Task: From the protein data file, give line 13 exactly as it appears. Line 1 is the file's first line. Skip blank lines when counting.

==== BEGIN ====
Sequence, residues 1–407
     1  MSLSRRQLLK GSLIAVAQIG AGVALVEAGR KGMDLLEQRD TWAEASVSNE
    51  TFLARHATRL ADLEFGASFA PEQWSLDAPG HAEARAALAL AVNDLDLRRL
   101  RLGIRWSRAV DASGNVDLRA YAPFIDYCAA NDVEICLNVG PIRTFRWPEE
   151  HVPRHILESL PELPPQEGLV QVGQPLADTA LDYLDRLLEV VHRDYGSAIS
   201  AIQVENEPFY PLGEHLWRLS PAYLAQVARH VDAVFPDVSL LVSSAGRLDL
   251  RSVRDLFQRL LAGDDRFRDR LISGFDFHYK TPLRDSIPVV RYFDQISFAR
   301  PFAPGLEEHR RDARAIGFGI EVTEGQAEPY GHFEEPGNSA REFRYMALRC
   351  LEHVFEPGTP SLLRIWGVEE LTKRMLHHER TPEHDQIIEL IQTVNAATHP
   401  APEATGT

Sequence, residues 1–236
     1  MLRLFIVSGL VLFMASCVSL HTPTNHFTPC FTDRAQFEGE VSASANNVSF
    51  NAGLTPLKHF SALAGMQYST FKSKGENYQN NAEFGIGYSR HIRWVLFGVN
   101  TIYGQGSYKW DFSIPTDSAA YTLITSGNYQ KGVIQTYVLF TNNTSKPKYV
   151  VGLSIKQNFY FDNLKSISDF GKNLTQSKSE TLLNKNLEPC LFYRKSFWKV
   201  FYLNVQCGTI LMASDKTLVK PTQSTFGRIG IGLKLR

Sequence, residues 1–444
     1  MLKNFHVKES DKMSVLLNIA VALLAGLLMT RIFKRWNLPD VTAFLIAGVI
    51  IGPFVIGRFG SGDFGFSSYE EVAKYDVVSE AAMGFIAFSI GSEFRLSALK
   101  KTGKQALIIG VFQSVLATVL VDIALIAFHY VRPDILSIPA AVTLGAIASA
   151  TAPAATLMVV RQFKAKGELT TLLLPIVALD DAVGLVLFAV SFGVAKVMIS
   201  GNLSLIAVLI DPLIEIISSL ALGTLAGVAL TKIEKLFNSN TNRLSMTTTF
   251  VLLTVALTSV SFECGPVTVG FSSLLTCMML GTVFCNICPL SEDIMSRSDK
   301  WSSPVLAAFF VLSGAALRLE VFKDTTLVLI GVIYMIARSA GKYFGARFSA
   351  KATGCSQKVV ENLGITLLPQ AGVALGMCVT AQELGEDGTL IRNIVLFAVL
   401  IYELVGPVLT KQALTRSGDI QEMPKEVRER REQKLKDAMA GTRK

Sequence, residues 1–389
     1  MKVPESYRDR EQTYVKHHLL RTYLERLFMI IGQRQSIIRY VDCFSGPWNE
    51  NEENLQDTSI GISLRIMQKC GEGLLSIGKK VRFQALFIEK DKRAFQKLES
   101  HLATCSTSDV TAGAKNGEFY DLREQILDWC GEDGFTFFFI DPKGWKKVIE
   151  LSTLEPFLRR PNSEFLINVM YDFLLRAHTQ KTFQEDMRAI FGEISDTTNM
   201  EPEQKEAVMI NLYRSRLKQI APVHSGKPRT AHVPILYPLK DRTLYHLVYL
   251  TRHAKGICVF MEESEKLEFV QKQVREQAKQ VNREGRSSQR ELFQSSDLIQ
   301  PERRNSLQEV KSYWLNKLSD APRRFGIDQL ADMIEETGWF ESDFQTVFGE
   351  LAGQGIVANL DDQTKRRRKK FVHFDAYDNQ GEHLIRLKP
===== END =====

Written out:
    51  NAGLTPLKHF SALAGMQYST FKSKGENYQN NAEFGIGYSR HIRWVLFGVN